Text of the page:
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Water desalination and fluoride ions removal from water using electrodialysis

Clean freshwater is of the utmost importance for our health. Despite its central role for our lives, progressing global industrialization threatens freshwater resources around the world. Albeit a vital trace element, fluoride is a serious public health threat. Absorbed in larger quantities for a long time, fluoride causes fluorosis, a form permanent poising responsible for irreparable bone damage.

Fluoride bearing rocks are particularly common in India. Fluoride is leached into adjacent aquifers and contaminates the soil. Sometimes, the concentration of fluoride ions in Indian aquifers exceeds 30 mg/L. Toxic concentrations of 20-80 mg / day over a period of 10 to 20 years cause irreparable damage to the human body.

Fluoride ions in groundwater are removed for water treatment using membranes. However, such membranes foul easily, for example by bacteria present in wastewater or other deposits.  Fouling can become a serious threat to public health. Therefore, a particular focus in membrane research is on the development of fluoride removing membranes that prevent fouling. It can be accomplished when bacterial growth is slowed down or inhibited entirely. For water treatment, antimicrobial surface modifications are used in high-quality membranes for ultrafiltration, nanofiltration, reverse osmosis and electrodialysis.

Electrodialysis is often used to remove water contamination, because only little energy is needed for the process. For electrodialysis membranes, salt deposits are an economic risk that is to be avoided. Precipitates can occur when the concentration of bivalent ions in the water is too high. Added to precipitates comes the risk of biofouling caused by microbial growth. Both affect the performance of electrodialysis membranes, causing economic losses as the membranes must be cleaned or replaced. For efficient water treatment, it is therefore important to improve the thermal and mechanical properties of the membranes.

A group of scientists have synthesized a composite anion exchange membrane for water-salt altitude and fluoride ion removal by electrodialysis that has improved antimicrobial properties. She published her results in the journal ACS ES&T Water. The consortium consisted of researchers of the Academy of Scientific and Innovative Research in Ghaziabad, India and the University of Tokyo.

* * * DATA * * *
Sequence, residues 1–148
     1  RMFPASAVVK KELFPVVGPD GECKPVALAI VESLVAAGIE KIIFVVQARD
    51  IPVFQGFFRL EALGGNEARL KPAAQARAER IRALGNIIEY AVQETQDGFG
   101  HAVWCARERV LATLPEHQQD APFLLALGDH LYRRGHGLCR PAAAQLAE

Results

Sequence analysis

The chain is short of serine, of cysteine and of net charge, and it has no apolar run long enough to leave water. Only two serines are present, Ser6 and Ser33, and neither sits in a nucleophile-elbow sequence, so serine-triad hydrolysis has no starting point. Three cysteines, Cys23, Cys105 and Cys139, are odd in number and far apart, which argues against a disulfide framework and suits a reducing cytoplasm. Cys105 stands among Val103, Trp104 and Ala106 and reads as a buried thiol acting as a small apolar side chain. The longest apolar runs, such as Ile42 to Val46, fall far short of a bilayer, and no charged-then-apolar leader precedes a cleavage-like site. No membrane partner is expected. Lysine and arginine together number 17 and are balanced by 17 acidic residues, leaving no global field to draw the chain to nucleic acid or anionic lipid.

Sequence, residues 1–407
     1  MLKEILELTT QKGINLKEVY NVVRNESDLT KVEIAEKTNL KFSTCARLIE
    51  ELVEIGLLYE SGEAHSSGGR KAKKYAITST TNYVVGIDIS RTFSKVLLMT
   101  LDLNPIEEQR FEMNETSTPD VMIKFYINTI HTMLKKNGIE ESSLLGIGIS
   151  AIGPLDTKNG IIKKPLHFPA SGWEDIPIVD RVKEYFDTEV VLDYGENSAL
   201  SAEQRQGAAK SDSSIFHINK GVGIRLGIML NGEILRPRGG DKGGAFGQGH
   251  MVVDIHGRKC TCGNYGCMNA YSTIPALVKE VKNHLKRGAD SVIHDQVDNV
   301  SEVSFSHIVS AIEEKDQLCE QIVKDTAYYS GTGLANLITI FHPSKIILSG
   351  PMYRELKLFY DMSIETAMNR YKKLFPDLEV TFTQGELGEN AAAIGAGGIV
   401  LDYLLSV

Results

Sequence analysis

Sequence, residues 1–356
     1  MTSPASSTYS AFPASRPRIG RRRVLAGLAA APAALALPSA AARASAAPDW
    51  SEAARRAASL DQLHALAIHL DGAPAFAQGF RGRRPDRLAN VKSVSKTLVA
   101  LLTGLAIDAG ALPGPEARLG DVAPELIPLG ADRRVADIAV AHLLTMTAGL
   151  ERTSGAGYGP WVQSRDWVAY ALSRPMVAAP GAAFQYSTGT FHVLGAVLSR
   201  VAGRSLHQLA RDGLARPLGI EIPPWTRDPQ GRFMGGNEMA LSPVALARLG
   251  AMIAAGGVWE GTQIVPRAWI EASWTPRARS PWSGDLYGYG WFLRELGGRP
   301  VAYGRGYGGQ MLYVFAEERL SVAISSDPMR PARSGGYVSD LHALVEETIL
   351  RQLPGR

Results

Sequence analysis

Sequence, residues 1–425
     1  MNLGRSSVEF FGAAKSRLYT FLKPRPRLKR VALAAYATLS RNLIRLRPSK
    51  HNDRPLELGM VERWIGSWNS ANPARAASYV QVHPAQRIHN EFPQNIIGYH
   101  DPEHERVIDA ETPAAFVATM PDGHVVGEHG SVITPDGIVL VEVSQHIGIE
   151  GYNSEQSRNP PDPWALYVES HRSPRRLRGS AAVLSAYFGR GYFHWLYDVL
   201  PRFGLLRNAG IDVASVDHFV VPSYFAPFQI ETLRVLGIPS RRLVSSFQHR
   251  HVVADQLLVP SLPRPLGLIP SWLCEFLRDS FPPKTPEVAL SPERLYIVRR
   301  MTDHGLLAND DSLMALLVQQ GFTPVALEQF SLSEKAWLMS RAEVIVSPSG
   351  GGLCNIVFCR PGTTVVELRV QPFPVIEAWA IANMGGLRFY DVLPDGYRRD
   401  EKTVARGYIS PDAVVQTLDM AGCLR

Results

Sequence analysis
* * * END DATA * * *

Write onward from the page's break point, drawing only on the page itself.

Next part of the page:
Their anion exchange membranes are based on cross-linked terpolymers with built-in silver nanoparticles to slow microbial growth. The membranes are suitable for water desalination and fluoride ion removal by electrodialysis. The preparation of the terpolymers and polyacrylonitrile copolymers was carried out by N-alkylation using various alkyl halides. N-alkylation of the terpolymer through various alkyl groups affected the water absorption, hydrophobicity, ion transport and ionic conductivity of the membrane. Long alkyl groups increased the effectiveness of fluoride removal as well as the oxidative and physical stability of the membranes. The suitability of the composite membranes was verified by testing removal efficiency of fluoride ions (5.5 and 11 mg/L) from a sodium chloride solution (2 g/L) by electrodialysis at an applied voltage of 2 V.

The incorporation of 0.03% silver nanoparticles in the quaternized polymer caused the desired antimicrobial effect. The uniform distribution of silver nanoparticles in the liquid and solid phases was detected by transmission electron microscopy and atomic force microscopy. The attachment of bacteria was quantified counting colony forming units and 100x lower when silver nanoparticles were present in the membrane. The reduced microbial attachment to the membrane surface is therefore due to the antimicrobial effect of the silver nanoparticles. The small amount of 0.03% silver nanoparticles was sufficient to achieve desired antimicrobial effect in the membrane.

After 15 days and at a water temperature of 50°C, no detectable silver leaching occurred. The novel membranes are thus an improved anion exchange solution with antimicrobial properties for efficient removal of fluorine and desalination by electrodialysis.


The entire synthesis was carried out in four steps: